The Costs of War

This week ran an interesting article on the cost of the Iraq and Afghan Wars. To my mind, the most important observation made in the article is that the wars have been notable removed from the American population, with a small percentage of the population actually involved and a small part of the American GDP spent. Unlike World War 2, where over a third of the GDP went to the war and far more soldiers were committed. Vietnam had a comparable financial cost, but a draft brought the war home to a far greater degree.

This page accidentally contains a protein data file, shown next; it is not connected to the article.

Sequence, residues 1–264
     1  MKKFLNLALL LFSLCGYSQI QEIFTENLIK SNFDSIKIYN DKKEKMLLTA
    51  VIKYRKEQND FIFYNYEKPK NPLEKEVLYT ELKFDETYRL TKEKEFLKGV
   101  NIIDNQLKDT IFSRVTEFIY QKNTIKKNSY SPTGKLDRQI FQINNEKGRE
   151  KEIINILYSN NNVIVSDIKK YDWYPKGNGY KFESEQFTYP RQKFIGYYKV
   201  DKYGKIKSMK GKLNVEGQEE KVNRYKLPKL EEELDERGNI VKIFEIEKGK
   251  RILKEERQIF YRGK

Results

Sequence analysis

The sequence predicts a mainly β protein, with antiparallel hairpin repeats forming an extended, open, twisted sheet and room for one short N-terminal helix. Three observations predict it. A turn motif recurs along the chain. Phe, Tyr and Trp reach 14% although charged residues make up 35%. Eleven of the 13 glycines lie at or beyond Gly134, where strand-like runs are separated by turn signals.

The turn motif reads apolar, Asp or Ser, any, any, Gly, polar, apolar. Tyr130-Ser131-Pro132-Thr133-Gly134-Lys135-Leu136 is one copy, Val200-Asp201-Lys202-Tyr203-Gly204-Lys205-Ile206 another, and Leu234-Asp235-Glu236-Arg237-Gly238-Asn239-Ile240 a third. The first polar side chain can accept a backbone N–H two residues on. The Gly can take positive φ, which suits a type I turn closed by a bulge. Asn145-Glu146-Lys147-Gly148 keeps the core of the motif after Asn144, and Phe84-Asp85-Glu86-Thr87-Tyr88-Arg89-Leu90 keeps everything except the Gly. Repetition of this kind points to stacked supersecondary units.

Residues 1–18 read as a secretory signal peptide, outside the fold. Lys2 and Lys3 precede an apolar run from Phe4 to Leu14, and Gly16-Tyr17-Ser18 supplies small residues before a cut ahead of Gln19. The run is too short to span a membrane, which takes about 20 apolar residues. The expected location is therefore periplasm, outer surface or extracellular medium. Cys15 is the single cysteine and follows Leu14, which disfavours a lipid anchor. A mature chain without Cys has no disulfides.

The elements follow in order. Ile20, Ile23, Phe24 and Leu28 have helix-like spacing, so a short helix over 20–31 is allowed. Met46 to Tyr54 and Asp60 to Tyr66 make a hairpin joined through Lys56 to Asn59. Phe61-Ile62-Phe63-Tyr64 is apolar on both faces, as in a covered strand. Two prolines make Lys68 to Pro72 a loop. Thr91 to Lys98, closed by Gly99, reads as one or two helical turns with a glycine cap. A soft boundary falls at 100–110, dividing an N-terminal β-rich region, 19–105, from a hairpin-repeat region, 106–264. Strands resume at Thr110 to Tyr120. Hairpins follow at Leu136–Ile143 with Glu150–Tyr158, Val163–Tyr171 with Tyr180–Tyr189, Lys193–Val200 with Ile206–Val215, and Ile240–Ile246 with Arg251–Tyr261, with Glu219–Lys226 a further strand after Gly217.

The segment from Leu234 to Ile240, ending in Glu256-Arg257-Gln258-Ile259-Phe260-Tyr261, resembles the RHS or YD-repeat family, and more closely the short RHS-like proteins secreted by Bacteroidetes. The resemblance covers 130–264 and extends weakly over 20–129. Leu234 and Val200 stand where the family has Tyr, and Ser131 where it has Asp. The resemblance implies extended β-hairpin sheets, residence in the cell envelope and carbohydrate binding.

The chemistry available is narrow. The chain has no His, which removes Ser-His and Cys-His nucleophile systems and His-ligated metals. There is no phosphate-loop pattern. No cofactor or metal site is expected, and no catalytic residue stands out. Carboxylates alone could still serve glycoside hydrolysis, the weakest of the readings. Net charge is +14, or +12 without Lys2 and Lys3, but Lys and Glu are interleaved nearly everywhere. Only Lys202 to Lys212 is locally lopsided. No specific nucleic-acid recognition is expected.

It is an interesting note, especially in regard to how often America is at war and the danger that ‘limited’ wars could become more common as the costs are not directly related to the American people. As one historian cited in the article noted: “the army is at war, but the country is not.”

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